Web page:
Evils of advancement

Sunday 31 March 2002

Test-tube babies face higher health risks

-- (Credit: Kumar)
can never compete with real ones. This has yet again been proved with two new studies showing that test-tube babies have more chances of having major health problems than normally conceived ones. While more than 90 per cent of babies conceived through assisted reproductive technology (art) are born healthy, the studies indicate that such children have double the risk of having birth defects and low birth weight (www.washingtonpost.com, March 9, 2002).

In the first study, researchers at the University of Western Australia reviewed birth and birth-defect records of 1,138 babies conceived with the help of art and 4,000 children conceived naturally. They found that by the time the infants were a year old, major birth defects were diagnosed in about nine per cent of art children and four per cent kids conceived naturally.

"Their problems ranged from things that are potentially fatal, such as very complex heart defects, to less serious conditions including very large or disfiguring birthmarks," said Jennifer J Kurinczuk, an epidemiologist working at the University of Leicester in England, the uk .

In the second study, researchers at the Centres for Disease Control and Prevention, usa , compared 42,463 test-tube babies with 3.4 million infants conceived naturally. The cdc researchers found that about 6.5 per cent of the art babies had low birth weight. Overall, art pregnancies accounted for three per cent of the nation's low birth weight and four per cent of its very low birth weight babies in 1997 -- a proportionally large share, but a small one in absolute terms.

Low birth weight increases the risk of a baby suffering from mental retardation by about threefold. Very low birth weight infants have rates of severe retardation and cerebral palsy about 30 times that of normal-weight babies. The findings contradict some previous studies that show little or no hazard to art other than the well-recognised chance of having twins or triplets. Both the studies, however, fail to look at the causes behind the high risk rates. The researchers speculate that the problems might be caused by the women's underlying fertility troubles or by the laboratory procedures themselves.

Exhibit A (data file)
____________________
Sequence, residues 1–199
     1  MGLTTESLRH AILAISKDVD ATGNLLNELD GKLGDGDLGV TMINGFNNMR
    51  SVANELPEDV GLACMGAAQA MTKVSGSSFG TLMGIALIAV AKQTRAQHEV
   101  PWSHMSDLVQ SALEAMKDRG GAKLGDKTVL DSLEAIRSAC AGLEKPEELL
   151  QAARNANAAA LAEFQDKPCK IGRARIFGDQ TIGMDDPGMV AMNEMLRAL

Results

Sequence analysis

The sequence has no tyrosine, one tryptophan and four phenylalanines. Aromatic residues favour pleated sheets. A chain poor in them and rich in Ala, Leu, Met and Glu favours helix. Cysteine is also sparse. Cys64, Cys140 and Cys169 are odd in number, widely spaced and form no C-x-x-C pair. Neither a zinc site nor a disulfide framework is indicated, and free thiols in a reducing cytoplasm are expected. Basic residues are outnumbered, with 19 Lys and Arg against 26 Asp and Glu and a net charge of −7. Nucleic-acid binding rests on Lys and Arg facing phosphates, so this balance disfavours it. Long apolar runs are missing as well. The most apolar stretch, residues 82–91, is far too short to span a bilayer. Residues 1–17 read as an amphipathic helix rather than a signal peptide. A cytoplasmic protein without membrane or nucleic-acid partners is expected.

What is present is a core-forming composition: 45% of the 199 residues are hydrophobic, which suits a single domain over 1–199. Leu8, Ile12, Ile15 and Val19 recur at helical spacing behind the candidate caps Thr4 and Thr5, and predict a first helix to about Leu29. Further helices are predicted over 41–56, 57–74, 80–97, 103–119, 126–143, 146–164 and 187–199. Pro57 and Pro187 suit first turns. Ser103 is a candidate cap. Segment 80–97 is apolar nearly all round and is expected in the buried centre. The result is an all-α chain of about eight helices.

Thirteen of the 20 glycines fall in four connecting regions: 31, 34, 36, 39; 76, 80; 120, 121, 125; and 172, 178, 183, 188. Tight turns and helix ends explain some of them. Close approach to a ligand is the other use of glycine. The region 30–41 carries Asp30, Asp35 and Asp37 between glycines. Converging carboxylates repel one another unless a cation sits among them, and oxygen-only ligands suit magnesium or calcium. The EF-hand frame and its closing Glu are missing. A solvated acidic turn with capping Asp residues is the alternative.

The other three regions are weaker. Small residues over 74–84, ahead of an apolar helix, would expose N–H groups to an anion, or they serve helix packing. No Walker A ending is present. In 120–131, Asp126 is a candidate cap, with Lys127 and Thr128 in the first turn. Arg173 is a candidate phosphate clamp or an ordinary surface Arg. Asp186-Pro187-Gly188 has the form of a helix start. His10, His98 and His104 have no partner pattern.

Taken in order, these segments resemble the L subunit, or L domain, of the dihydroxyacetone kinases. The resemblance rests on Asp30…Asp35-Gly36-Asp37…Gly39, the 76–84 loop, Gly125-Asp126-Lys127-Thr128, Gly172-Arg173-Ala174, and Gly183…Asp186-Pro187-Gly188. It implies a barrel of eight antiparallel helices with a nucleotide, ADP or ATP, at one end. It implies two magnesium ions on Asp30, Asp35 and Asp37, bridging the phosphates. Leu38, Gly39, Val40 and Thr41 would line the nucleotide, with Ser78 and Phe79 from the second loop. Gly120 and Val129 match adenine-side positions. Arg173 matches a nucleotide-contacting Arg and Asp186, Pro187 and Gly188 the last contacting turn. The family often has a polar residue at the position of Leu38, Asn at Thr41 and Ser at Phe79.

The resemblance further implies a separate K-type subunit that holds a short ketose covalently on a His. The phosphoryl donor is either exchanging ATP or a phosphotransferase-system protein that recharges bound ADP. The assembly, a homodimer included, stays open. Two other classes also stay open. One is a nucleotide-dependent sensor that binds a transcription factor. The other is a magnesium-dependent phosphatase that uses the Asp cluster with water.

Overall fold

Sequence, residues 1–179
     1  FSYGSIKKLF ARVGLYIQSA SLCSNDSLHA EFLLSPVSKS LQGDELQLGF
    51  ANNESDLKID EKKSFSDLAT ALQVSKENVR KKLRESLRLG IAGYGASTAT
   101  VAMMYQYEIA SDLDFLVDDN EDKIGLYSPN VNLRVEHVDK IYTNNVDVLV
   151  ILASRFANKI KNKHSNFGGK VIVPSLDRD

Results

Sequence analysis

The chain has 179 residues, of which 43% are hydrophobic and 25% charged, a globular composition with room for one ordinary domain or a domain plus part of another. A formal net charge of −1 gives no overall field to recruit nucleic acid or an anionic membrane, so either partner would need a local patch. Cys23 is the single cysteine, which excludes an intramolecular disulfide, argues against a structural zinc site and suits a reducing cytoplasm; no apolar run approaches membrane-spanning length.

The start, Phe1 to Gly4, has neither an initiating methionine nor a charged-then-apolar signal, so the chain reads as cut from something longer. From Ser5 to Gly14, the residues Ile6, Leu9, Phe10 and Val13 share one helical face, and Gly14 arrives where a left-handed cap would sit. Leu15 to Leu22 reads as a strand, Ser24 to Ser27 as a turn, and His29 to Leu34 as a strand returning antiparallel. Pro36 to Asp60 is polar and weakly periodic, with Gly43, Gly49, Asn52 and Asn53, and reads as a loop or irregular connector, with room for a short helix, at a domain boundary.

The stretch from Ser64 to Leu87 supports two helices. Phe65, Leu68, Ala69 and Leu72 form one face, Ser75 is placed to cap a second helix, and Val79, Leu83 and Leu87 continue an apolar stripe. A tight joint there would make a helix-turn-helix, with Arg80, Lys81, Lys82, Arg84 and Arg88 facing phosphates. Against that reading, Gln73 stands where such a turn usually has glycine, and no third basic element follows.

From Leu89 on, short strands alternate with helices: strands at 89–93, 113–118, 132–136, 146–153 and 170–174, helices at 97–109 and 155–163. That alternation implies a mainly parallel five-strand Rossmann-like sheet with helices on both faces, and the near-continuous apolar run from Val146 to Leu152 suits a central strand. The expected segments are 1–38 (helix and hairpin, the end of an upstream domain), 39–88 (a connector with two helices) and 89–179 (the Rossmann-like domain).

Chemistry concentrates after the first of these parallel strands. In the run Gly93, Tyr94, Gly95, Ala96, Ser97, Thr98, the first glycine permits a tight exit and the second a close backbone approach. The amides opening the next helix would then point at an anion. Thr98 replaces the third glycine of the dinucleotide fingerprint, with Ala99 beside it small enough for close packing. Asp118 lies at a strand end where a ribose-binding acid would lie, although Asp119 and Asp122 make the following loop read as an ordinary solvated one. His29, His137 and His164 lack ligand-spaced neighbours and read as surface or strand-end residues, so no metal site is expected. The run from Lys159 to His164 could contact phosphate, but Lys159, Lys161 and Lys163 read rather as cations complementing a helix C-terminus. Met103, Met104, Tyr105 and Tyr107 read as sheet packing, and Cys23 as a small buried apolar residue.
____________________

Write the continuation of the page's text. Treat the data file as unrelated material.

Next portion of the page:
"The two studies are the best of the lot so far on these controversial issues," said Allen A Mitchell of the Boston University School of Public Health, usa . Mitchell said it's important for couples to be sure they are truly infertile before turning to in-vitro fertilisation. "These risks may be acceptable to couples who would not get pregnant without these treatments," he said. "But they may not be acceptable risks for couples who -- if they waited a little longer -- might get pregnant on their own."

The issues are important because various forms of art have entered medical practice without government-required testing of their safety. "More data is required to be obtained," said Jamie Grifo, director of reproductive endocrinology at the New York University School of Medicine, usa.

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